Patrick Chan's artistry compensated for popping the back end of his opening jump combination and put the world champion well into the lead Friday after the short program at the Rostelecom Cup stage of the ISU Grand Prix series.
Chan, who finished second at Skate Canada International two weeks ago, was nearly nine points ahead of his nearest rival, despite turning a planned triple after his initial quad toe into a single. The 21-year-old from Toronto blamed the mistake on nerves, saying "I always feel shaky" when skating last.
His anxiety may have been increased by the unexpectedly strong performance of Russia's Konstantin Menshov, who at age 29 has never won a Grand Prix medal. Menshov was flawed only by a wobbly triple axel landing and a lacklustre triple lutz. He slightly outpointed Chan technically, but his program component score was well below.
Canadians Tessa Virtue and Scott Moir lead after the short dance.
American Gracie Gold narrowly heads the women's field in Moscow heading into the free program, while Russians Tatiana Volosozhar and Maxim Trankov lead the pairs.
Menshov said he wasn't happy with his steps sequence and humorously hinted that he was feeling his age: "The only thing I kept thinking during it was how hard it will be to do it tomorrow!"
Another veteran fared far worse. Johnny Weir's return to major international competition after a two-season hiatus saw almost nothing go right, except for the loud welcome he got from Russian fans who love his flamboyance and his affection for Russia. He finished in a distant last place.
Gold started the day as the lowest-ranked skater in the women's event but ended on top after a graceful and assured short program. But she has less than a two-point lead over the next two contenders for medals, Kiira Korpi of Finland and American Agnes Zawadzki.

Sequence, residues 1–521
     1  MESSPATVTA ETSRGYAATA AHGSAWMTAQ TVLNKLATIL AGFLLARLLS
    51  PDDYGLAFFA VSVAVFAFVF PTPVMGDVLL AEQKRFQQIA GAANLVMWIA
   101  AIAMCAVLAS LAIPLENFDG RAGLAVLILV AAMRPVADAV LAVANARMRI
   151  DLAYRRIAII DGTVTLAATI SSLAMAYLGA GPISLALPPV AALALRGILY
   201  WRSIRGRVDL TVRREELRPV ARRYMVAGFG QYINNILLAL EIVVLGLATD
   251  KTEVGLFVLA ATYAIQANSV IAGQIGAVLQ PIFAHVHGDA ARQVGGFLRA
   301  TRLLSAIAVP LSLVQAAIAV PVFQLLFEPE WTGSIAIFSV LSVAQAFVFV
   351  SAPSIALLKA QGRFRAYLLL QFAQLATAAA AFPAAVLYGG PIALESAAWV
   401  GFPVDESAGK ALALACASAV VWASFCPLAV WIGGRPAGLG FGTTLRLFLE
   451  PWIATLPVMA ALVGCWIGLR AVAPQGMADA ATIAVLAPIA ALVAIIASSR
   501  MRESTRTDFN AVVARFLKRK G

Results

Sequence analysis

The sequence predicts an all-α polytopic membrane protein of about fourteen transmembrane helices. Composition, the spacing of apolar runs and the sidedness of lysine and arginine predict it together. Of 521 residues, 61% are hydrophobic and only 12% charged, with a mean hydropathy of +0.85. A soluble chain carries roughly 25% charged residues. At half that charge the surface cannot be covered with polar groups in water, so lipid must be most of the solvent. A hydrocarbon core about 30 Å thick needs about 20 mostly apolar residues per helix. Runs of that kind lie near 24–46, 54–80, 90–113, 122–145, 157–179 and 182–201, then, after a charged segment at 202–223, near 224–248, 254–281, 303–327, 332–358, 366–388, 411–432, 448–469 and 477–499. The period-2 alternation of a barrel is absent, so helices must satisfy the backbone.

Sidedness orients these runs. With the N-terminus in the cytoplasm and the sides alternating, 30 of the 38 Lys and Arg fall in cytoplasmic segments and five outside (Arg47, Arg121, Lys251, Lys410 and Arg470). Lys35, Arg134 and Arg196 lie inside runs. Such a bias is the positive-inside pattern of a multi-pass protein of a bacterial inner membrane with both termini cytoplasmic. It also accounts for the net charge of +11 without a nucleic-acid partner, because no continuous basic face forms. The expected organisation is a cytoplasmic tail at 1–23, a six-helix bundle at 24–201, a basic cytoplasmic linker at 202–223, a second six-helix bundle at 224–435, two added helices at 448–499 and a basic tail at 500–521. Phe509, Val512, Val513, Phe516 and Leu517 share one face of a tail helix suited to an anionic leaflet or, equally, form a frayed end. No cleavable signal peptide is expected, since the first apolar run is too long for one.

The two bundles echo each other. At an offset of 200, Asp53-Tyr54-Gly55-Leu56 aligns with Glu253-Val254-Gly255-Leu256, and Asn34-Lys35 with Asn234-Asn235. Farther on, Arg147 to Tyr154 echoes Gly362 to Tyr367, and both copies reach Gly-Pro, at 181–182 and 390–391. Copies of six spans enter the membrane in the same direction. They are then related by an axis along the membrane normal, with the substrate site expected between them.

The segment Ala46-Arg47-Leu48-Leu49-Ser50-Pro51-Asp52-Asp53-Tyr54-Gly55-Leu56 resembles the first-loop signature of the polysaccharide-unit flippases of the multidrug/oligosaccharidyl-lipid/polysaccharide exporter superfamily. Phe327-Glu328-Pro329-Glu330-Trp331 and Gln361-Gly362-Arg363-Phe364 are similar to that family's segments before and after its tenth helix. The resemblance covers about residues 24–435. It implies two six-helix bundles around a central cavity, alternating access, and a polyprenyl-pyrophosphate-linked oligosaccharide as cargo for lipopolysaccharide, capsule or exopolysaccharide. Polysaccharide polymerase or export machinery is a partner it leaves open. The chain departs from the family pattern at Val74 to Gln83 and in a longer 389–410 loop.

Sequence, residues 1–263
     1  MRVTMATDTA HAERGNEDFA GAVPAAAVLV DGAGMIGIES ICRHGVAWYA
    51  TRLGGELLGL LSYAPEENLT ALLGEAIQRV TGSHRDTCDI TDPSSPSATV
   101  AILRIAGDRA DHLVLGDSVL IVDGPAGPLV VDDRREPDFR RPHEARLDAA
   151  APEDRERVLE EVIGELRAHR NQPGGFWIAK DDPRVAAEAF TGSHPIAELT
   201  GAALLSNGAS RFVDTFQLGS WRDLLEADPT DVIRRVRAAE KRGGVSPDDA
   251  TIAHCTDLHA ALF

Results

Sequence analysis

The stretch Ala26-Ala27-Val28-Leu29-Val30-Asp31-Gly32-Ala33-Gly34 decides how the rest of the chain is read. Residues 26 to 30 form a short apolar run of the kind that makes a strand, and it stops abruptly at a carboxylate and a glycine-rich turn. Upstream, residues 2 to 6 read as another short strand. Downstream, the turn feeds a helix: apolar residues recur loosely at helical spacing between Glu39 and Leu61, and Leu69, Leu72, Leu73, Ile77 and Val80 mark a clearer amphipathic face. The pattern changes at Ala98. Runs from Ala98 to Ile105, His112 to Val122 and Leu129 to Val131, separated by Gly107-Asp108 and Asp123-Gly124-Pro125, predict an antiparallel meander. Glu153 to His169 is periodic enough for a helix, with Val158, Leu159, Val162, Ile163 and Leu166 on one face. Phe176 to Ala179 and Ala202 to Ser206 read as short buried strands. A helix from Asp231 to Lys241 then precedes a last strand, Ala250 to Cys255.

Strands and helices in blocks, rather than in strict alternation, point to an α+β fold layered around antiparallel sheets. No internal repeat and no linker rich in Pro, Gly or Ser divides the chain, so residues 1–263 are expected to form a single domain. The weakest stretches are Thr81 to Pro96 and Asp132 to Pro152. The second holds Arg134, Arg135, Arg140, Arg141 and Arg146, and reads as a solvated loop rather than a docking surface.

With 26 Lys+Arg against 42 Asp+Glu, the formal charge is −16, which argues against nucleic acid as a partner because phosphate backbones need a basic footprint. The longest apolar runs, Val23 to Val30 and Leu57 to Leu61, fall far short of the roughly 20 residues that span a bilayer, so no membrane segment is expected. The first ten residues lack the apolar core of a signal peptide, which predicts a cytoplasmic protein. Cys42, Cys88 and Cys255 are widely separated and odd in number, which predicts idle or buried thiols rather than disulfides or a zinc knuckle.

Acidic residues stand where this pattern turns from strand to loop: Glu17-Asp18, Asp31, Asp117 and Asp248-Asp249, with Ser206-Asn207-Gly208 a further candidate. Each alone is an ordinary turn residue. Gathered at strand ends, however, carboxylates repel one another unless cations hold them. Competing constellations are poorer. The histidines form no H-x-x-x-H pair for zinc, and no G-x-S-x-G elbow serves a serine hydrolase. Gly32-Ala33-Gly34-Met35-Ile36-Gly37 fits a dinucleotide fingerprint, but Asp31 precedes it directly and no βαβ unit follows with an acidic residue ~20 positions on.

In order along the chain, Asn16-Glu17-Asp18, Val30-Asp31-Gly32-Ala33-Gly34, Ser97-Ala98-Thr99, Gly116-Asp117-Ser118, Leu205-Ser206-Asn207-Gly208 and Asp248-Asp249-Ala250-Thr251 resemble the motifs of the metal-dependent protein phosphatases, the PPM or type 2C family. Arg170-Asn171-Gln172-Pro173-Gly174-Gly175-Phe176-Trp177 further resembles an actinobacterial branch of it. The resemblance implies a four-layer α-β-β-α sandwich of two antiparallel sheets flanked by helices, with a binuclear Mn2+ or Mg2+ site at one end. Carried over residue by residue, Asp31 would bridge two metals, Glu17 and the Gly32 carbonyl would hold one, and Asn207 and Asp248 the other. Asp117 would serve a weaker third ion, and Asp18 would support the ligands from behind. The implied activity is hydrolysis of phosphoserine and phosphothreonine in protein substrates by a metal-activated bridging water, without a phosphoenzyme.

Gold, who placed seventh in Skate Canada two weeks ago, showed no signs of uncertainty in her short skate to "Hernando's Hideaway," knocking off an opening triple flip-triple toe loop, a triple lutz and a double axel with aplomb.
"Skate Canada was my first Grand Prix and only my third international competition, really, and I got very nervous before the competition and put a lot of pressure on myself and I was not able to skate like I did in all of the practices, but here I just remembered to … take a deep breath," she said.
Korpi, the bronze medallist at Cup of China last week, doubled the second part of a planned triple toe-triple toe combination, but recovered to precisely land a triple loop and double axel.
"For me, it's a very challenging situation because I competed last week at Cup of China and now I have to put all the jet lag and tiredness and everything behind me and just focus on the skating," she said.
Volosozhar and Trankov took a commanding lead in the pairs, followed by compatriots Vera Bazarova and Yuri Larionov and Americans Caydee Denney and John Coughlin.
Home audience favourites Alena Leonova and Adelina Sotnikova go into Saturday's free skate within striking distance of a medal.
Leonova, the world silver medallist , appeared well on her way to recovering from her dismal seventh place at Skate America, then made it less than halfway through her intended double axel.
Sotnikova, third at Skate America, started with a strong and elegant triple-triple, then singled her triple flip to end in fifth place, five points behind Gold.
Both top Russian pairs generated emotional heat in different ways.
Volosozhar and Trankov skated to a gutbucket rendition of the love theme from "The Godfather," opening with an exuberant triple twist and following it with a fast and well-synched triple salchow.
"It's our best performance of the season. But I don't think it's our maximum," Trankov said, adding that the pair think competing in Moscow is good preparation for the high expectations likely to face them at the Sochi Olympics. "We want to get the rapport with the crowd and get used to the pressure."
Bazarova and Larionov emanated old-fashioned elegance in their program to "Liebenstraum," marred only by his putting a hand down on the opening triple toe loop.
"We're very happy," Larionov said. "I had this mistake on the jump, but I tried to move on and express the emotions."